In the 1998 book “Someone Else’s House,” Tamar Jacoby discusses a 1968 takeover of schools by black activists in a New York City ghetto. A 13‐year‐old youngster named Al Sharpton, who lived in nearby East Flatbush, was mesmerized by the boycott: “What I learned from Ocean Hill‐Brownsville was that confrontation works. I saw it with my own eyes at the impressionable age of thirteen or fourteen, and it changed the way I looked at the world.”
That view of the world, where “confrontation works” and is used as a first resort, is what drives old school black activists such as Dick Gregory, Joe Madison, Sharpton, and Jesse Jackson. However, there’s one thing that works better than confrontation: satisfying your fellow citizens through mutually beneficial exchange — “Here’s what I’ll do for you, if you do this for me.”
I mention this because of a Washington Post editorial by William Raspberry about lawsuits against pizza companies that refused to deliver pizzas in bad neighborhoods. A couple of black men, including one who said he was “humiliated” about having to pick up the pizza directly from a driver afraid to leave his truck, sued.
The drivers and their employers insisted safety was the issue. Others charged that it was proof of racism and racial profiling. Glenn Davis, a former city commissioner in Tarpon Springs, Florida, said: “It’s racism plain and simple.” Raspberry notes that a 62‐year‐old pizza delivery driver had been severely beaten and robbed during a delivery to Union Academy and that Domino’s was paying a $250,000 worker’s compensation settlement in the case.
Raspberry then notes that instead of confrontation, some youngsters found a solution: “[F]ive Norfolk teenagers had a brainstorm. Instead of complaining about racism, or suing or leading demonstrations, they took the problem as an opportunity. At first, they set themselves up as middlemen, picking up the pizzas from Pizza Hut and bringing them back to the neighborhoods. Later, they got a $4,000 loan from the Norfolk Redevelopment and Housing Authority and worked out a deal to purchase pizzas wholesale from Pizza Hut and retail them to their neighbors. They named their business Pizza‐Ria! and adopted as their slogan: ‘It’s fresh! It’s good! It’s from the ‘hood!’ The youngsters haven’t been robbed, and the folks at the housing authority say teen crime is down, at least in part as result of Pizza‐Ria!”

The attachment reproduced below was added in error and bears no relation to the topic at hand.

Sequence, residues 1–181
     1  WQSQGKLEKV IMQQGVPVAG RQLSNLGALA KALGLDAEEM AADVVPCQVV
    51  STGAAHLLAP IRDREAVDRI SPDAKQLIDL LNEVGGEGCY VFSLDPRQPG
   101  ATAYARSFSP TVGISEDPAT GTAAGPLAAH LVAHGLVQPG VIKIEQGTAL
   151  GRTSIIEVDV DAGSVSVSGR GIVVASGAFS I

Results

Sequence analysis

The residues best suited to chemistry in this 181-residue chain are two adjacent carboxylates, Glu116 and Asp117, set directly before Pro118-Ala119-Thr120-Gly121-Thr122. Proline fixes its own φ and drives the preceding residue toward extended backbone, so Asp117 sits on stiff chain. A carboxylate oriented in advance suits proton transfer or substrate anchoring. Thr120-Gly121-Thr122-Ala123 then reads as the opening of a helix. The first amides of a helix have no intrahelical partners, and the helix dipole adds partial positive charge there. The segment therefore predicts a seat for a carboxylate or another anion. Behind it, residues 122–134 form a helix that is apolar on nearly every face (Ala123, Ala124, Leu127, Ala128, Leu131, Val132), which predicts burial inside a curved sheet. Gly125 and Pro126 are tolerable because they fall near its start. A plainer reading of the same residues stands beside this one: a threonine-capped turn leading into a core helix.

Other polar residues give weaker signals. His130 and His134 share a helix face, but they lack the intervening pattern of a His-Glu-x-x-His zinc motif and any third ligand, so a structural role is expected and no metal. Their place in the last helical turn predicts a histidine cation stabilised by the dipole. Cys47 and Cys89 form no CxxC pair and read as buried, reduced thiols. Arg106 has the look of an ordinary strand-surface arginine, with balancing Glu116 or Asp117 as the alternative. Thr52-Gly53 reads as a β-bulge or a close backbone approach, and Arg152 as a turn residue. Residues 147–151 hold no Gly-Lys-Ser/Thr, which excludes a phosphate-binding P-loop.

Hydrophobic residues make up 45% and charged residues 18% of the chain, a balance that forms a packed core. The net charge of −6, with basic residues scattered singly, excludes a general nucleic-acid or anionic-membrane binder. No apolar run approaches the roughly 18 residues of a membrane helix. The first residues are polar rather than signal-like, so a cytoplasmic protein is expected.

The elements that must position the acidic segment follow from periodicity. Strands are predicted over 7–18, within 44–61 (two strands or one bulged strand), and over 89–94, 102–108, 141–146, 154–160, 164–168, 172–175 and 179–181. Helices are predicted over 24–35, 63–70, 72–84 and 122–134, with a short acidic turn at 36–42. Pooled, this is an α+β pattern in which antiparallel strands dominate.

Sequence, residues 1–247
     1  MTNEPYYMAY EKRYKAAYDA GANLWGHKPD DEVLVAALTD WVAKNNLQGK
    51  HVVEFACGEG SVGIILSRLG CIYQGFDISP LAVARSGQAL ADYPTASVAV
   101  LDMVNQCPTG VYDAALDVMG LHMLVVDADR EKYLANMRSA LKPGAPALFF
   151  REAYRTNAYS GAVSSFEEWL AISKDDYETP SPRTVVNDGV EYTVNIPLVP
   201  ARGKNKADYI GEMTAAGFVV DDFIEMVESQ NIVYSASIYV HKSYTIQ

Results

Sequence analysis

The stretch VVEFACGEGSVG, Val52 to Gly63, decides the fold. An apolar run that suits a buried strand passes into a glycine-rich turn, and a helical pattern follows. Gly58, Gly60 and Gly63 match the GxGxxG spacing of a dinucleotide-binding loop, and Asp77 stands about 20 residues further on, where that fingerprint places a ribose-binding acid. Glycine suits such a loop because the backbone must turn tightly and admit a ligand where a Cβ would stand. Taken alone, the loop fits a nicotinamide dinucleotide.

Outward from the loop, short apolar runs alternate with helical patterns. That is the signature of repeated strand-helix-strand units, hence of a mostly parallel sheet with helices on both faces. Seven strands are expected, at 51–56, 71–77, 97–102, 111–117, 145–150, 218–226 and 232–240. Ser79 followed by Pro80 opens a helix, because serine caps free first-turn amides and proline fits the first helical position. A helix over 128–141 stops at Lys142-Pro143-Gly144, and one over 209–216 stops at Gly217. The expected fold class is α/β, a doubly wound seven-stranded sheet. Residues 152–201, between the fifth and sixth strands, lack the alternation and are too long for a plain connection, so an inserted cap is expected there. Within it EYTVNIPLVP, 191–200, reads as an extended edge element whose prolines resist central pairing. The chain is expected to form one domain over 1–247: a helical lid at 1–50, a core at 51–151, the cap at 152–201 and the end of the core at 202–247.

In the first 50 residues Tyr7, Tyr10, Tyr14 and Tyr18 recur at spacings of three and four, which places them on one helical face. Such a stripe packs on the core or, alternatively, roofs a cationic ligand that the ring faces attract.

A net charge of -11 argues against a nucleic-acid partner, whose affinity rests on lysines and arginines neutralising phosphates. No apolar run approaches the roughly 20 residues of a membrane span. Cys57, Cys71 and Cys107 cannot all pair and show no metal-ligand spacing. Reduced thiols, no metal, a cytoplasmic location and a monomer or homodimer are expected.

Nice story, but one question Raspberry didn’t discuss. Why in the world did the Norfolk Redevelopment and Housing Authority give those youngsters a loan? According to the NRHA Web site: “Created in response to acute overcrowding and substandard housing conditions, NRHA was chartered as an independent political subdivision of the Commonwealth of Virginia in 1940, to build and manage safe, decent and affordable housing for the City of Norfolk.” NRHA should have its charter revoked. NRHA has redesigned its mission so that it even includes giving loans to kids delivering pizzas.
Delivering pizzas is part of a for‐profit enterprise. Or, at least, part of an attempt at being for‐profit. We still don’t know if Pizza‐Ria! will be a profitable business in the long run. It could, as pizza companies may choose to start contracting companies like Pizza‐Ria!, instead of paying for pizza deliverers who don’t want to deliver everywhere. Or it could be that pizza deliverers will get the message and start delivering everywhere, cutting out Pizza‐Ria! But either way, the government shouldn’t be getting involved in choosing winners and losers in the market. It wouldn’t be surprising to learn in a year or two that NRHA is providing loans for pizza deliverers laid off because of competition from Pizza‐Ria!
Commercial banks and similar institutions (or individuals) should be providing the loans to young entrepreneurs like the Pizza‐Ria! businessmen. That is how things should work in the real world‐and before bureaucrats started interfering in commerce and everyday exchange, that’s how things did work. Thus, the next obvious business to open is a privately run loan service for pizza entrepreneurs — and that could lead to other businesses: pizza box manufacturers, pizza shop uniforms, more delivery guys and gals … and the opportunities go on and on.
Nevertheless, Raspberry’s story is a good example of how competition helps low‐income people more than confrontation. Pizza deliverers who balked at delivering to bad neighborhoods are now facing competition from people who will. The customers angry that Dominos won’t deliver to their door now have an alternative. This country would be a much better place if a young Al Sharpton had learned the lesson those youngsters in Norfolk have learned: capitalism, not confrontation, works.